Let’s just get this out there first: yesterday while the Leafs were undertaking the arduous journey to Buffalo, their probability of making the playoffs dropped a tiny bit. Let’s go to the big wheel of perhapsness:
Yesterday at this time it was at 87%.
The famous quote from a Sherlock Holmes story goes: “when you have excluded the impossible, whatever remains, however improbable, must be the truth”.
That’s great when you’re solving mysteries in fiction, but in hockey, the range of the possible—the extremes of hope and pessimism—is really large. There are only nine games left, and the outcome of none of them is certain. All could be wins or losses, and the range of points the Leafs can get is somewhere between 0 and 18.
Neither zero, the dark land of the pessimist, nor 18, the place where the hopeful sun never sets, are likely. They are not probable. Sometimes it’s hard convincing our emotions of the probable range inside the possible, however.
The Leafs’ probability went down a very slight amount because the competition is multiplying and winning and two of them they play each other tonight. Last night, the Islanders won, the Lightning won, and tonight the Islanders play the Bruins.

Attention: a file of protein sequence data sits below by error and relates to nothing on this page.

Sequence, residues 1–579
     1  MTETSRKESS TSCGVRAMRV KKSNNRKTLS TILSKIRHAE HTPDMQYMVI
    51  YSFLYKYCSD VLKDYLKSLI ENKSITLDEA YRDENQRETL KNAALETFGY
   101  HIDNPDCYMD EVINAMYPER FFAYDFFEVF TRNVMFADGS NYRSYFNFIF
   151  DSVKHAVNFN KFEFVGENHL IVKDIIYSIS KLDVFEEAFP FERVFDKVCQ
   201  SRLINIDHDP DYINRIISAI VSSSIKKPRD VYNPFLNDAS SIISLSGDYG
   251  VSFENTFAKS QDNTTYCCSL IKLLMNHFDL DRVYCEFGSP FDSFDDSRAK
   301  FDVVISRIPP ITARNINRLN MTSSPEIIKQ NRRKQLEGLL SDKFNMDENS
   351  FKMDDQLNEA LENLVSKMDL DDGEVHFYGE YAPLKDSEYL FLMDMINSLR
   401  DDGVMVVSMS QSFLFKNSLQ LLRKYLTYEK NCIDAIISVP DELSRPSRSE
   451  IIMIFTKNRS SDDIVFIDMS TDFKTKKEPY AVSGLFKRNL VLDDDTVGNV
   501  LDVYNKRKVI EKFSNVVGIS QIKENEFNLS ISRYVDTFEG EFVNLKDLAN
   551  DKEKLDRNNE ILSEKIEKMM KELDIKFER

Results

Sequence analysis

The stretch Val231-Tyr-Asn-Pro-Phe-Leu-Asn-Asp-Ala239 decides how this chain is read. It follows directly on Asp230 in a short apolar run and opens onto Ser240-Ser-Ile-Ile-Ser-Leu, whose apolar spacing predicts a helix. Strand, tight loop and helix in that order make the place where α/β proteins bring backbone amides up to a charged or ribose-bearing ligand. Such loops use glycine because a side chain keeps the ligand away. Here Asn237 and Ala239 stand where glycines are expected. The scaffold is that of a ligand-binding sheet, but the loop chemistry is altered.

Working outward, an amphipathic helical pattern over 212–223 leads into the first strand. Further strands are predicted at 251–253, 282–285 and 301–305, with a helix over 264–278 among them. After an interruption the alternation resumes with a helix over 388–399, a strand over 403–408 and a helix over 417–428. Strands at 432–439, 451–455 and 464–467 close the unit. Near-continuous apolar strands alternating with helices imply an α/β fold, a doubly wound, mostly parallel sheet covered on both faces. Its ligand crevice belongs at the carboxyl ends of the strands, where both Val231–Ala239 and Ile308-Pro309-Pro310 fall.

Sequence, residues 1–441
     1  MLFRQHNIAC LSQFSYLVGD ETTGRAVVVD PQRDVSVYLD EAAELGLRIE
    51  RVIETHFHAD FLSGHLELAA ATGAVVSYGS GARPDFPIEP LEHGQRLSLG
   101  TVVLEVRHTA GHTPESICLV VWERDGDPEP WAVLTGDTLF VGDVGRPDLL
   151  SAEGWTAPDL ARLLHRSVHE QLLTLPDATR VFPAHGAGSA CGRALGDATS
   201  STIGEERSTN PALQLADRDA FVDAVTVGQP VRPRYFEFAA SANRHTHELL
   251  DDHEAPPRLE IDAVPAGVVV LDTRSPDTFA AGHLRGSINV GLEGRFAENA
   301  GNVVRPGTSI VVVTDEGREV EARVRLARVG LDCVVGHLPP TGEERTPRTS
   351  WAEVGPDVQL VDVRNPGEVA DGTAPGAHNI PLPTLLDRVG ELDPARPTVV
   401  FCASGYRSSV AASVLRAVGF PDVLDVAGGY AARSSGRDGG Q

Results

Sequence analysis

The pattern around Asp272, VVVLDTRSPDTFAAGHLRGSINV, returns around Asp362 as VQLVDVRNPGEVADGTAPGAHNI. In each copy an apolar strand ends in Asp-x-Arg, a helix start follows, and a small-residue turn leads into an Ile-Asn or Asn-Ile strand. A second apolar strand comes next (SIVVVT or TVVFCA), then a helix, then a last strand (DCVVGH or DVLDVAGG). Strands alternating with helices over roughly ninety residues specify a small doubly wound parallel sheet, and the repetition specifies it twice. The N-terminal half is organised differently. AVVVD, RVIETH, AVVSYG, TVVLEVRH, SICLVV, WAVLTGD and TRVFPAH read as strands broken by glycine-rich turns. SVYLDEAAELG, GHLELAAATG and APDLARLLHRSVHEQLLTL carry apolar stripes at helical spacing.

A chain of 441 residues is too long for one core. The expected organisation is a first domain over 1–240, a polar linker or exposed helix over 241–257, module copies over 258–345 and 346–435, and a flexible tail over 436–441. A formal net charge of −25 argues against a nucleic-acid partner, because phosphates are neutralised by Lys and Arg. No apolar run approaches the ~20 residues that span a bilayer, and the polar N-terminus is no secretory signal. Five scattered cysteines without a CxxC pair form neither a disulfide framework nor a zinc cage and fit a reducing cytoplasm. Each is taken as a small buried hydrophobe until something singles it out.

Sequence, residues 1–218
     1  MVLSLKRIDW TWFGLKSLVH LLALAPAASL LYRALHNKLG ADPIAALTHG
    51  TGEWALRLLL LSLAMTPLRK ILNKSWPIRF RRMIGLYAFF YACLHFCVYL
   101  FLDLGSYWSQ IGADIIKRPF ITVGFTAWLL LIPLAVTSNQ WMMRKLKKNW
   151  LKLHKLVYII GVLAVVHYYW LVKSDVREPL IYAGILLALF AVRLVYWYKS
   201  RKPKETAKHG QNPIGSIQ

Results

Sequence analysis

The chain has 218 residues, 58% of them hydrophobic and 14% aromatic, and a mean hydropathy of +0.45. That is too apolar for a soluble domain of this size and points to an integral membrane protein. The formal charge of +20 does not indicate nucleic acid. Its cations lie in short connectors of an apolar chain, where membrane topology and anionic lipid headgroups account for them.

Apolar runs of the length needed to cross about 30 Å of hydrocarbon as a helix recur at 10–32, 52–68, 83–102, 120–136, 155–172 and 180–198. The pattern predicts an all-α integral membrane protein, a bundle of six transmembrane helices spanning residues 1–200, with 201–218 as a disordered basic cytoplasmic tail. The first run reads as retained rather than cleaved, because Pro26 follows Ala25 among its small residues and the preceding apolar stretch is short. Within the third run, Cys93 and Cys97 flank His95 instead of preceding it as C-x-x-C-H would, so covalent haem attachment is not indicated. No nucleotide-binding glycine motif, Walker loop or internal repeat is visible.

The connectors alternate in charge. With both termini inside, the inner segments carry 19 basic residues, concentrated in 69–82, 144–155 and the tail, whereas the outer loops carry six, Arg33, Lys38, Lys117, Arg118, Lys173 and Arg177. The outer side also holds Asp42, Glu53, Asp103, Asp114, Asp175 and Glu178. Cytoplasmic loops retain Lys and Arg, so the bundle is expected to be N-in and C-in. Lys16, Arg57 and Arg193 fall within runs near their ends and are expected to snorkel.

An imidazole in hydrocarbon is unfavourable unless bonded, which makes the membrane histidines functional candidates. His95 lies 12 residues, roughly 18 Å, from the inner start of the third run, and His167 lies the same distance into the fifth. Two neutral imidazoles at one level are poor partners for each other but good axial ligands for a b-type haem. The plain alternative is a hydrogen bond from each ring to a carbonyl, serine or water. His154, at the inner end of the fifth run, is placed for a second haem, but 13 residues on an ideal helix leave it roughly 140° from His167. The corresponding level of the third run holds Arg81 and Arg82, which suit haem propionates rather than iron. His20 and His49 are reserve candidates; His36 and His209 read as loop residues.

The Leafs hold one playoff spot that is in contention. Someone gets the other. (That’s the optimist’s view of the probability.) The Bruins share the probability of taking the third place Atlantic spot with the Leafs and they also share the probability of taking the last wild card with the Islanders. There are other teams with a share of that wild card chance too, but only the Islanders have a big slice. All of these teams have a larger probability of missing the playoffs than do the Leafs.
Probability is not destiny.
And we know how you change your stars: you win. The math agrees: